Finding good Scandinavian fare in this city has nearly become impossible. Not so long ago you could count on Scandia for an opulent Danish Sunday brunch. Konditori in Beverly Hills served marvelous eggy Swedish pancakes, and Roda Rummet on La Cienega offered a delicious selection of open-faced sandwiches. It's hard to believe that, although Los Angeles' Danish population is the largest in the country and Swedes even outnumber Danes here, the lone Southern California outpost of fine Scandinavian cooking these days is Gustaf Anders in Santa Ana.
To combat my occasional cravings for excellent pickled herring and pungent Norwegian gjetost cheese, I often put together a Scandinavian meal myself from Olson's on Pico Boulevard, a few blocks east of Fairfax. This plain Scandinavian deli is the only place I know in Los Angeles (although there are other Scandinavian shops) where I can buy homemade components for an authentic Swedish smorgasbord buffet or for Danish open-faced sandwiches known as smorrebrod .
Olson's proprietors, Helene and Bertil Ohlsson (not the same Olson who founded the shop in 1948) have been baking their own Danish-style liver pate and pickling herring from family recipes since they took over the deli in 1957. Their freezer is well stocked with more homemade specialties including tiny Swedish meatballs, medisterpolse and other Scandinavian sausage. At Christmastime, homesick Scandinavians place their orders for julskinka-- honey cured Swedish-style hams, custom-made locally for the Ohlssons' store.
After only one whiff of the bracing vinegary aromas that drift from behind the deli cases I'm reminded of trips to Sweden, where extravagant hotel smorgasbords hold, among other things, up to 20 kinds of herring, each with a different taste. I also recall bustling lunchtimes in Copenhagen's ubiquitous smorrebrod cafes with their multitude of beautifully arranged open-faced sandwiches.
You can assemble such meals from Olson's collection of cured and pickled fish, meats, cheeses and Scandinavian groceries as easily as you would fashion an assortment of antipasti from an Italian delicatessen. Many of these foods are ready to put on the table.
SMORGASBORD SHOPPING LIST
Smorgasbord means "bread and butter table"--a wild oversimplification of what actually appears. The spread may include not only gravlax , salads and cold cuts but also a few hot dishes, such as those from the recipes given below. An abbreviated smorgasbord called SOS (standing for smor, ost and sill : butter, cheese and herring) is often listed on Swedish menus under appetizers. When it includes several kinds of herring, SOS makes an excellent first course or light lunch.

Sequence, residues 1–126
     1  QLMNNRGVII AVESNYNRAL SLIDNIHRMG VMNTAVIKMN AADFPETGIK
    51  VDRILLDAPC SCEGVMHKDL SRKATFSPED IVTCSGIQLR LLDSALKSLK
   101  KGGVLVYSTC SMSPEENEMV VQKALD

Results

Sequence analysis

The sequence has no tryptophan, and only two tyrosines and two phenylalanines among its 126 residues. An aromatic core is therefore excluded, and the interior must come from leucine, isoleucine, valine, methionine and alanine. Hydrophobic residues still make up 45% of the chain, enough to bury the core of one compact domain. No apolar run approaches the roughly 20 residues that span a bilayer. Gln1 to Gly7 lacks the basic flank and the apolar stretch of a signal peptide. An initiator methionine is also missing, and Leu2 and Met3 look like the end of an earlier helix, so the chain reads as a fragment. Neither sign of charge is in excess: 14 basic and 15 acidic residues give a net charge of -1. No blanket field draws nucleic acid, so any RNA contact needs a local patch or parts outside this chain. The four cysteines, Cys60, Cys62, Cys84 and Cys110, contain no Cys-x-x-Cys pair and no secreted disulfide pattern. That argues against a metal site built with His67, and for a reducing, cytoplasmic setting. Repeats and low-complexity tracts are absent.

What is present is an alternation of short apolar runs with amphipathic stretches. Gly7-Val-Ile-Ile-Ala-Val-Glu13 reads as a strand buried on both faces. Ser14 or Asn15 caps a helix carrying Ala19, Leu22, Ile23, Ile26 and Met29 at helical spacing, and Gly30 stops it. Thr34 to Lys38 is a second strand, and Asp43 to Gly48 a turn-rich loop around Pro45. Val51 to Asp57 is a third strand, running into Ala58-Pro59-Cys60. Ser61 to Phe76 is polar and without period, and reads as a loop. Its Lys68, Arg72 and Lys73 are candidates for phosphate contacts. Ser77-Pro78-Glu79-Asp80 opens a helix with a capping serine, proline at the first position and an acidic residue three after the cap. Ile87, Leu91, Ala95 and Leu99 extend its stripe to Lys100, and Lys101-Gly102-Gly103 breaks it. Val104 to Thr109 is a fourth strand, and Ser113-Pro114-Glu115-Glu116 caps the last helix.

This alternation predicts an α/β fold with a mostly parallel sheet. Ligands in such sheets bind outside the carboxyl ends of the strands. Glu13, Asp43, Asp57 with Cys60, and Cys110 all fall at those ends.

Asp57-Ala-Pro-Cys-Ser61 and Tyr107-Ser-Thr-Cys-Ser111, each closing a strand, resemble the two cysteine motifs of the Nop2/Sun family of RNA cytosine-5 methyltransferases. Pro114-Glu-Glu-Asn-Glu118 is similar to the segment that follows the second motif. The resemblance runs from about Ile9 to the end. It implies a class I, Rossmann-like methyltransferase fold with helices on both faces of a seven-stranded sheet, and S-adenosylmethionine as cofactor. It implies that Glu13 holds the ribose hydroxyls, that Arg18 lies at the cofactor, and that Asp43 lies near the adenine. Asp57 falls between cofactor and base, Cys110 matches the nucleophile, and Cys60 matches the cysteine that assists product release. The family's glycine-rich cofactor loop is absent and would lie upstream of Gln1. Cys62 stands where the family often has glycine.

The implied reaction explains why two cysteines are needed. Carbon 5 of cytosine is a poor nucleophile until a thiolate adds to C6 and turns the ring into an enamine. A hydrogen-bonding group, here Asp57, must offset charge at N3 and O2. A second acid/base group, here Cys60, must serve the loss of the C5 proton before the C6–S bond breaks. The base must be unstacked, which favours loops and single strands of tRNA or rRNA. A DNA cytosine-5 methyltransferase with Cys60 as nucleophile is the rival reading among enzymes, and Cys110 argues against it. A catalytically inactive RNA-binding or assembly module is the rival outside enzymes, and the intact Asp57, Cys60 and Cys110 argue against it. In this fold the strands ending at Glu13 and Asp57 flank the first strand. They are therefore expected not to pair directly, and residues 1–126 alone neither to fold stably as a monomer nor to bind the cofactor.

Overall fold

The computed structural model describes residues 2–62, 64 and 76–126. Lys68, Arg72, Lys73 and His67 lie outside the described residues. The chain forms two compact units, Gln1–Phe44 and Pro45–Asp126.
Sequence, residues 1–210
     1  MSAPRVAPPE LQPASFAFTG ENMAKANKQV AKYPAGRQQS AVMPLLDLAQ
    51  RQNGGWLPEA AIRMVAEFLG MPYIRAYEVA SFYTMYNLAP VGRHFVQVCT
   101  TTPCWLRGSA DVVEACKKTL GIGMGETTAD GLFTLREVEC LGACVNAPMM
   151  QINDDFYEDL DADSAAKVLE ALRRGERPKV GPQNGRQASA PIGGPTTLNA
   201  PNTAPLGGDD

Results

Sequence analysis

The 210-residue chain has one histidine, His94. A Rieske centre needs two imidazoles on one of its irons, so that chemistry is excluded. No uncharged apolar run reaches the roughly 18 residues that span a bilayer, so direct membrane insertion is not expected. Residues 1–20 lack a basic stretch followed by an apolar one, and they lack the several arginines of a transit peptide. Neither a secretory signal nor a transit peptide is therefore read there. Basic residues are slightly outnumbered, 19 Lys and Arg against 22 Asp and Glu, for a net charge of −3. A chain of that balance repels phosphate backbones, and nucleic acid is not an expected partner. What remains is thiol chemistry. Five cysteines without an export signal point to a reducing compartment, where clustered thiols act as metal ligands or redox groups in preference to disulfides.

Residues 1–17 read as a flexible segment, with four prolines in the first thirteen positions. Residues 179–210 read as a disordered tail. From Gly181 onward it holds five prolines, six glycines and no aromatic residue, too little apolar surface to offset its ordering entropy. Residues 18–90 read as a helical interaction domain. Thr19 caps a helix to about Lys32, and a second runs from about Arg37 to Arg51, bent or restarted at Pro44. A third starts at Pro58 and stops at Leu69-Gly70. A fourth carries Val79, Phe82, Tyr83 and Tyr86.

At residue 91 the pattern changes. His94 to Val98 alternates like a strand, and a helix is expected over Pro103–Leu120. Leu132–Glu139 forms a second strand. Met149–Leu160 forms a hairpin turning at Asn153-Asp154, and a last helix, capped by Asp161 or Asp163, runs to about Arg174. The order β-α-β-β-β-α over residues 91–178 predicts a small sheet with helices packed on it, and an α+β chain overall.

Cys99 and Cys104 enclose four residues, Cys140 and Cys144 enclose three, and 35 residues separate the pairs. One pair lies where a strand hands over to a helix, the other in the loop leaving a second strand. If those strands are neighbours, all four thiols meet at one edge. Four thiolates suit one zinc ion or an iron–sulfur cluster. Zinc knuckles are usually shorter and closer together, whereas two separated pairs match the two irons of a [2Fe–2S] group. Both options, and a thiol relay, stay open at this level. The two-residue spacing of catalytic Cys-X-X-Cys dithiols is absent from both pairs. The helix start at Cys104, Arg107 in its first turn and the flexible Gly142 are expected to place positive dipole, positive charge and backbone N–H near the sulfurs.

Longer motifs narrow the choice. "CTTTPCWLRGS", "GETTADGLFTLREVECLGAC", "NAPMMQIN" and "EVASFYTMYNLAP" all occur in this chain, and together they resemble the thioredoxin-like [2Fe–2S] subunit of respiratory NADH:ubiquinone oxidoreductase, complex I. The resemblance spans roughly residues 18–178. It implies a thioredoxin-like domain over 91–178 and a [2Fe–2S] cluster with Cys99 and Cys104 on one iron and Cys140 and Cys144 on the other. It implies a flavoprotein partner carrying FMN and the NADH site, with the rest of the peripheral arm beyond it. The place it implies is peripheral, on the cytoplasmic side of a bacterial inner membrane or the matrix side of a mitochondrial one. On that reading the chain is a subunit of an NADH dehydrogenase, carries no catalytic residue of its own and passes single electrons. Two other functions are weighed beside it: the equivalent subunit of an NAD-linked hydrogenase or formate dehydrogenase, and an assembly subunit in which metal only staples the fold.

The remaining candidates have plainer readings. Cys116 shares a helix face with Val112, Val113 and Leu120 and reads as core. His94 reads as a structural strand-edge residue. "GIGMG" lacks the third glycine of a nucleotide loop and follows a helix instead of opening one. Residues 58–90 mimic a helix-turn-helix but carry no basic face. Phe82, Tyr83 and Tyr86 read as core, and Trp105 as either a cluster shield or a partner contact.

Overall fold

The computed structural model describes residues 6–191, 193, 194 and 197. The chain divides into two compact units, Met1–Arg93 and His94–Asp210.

Here are a few more ideas for smorgasbord:
Pickled herrings: Olson's carries about eight styles of herrings, including matjes fillets packaged in three-pound tins or in small, two-fillet cans. These skinless fillets, cured in a spiced sugar-vinegar brine, are a basic ingredient in Scandinavian cooking. They are often cut into strips on the diagonal and served on a block of ice along with aquavit to drink, but they may be served mixed with sour cream and onions or surrounded with mounds of chopped hard-cooked egg, sliced marinated cucumbers, pickled beets and chopped parsley, or included in cooked dishes--baked with potatoes and cream, for instance. You can simply accompany the fillets with chopped onion and sliced boiled potatoes (hot or cold) sprinkled with fresh snipped dill.
Olson's house - pickled herring: Pieces of matjes fillet in a sweet-and-sour vinegar brine.
Skansen herring: Another version of sweet-and-sour picked herring, from a Swedish company in Maine.
Sauced herrings: These chunks of cured herring in mustard, tomato, dill or wine sauce are imported from Sweden or Denmark.
Icelandic herrings: Home cooks who want to make their own pickled herrings start with these salt-brined whole fish.
Herring salad: Olson's house salad is a mix of matjes fillet, chopped apples, pickled beets and macaroni in a mayonnaise dressing.
Swedish anchovies: The official name for these anchovies is sprats; they're a tiny member of the herring family. Unlike the salty Portuguese version so familiar in Caesar salad, Swedish anchovies are cured in a sweet brine. They're delicious with cubed boiled potatoes mixed with minced red onion and sour cream as a salad, or used as a garnish for deviled eggs. Like matjes fillets, these anchovies are often baked with potatoes in cream, as in the Jansson's Temptation dish (see below).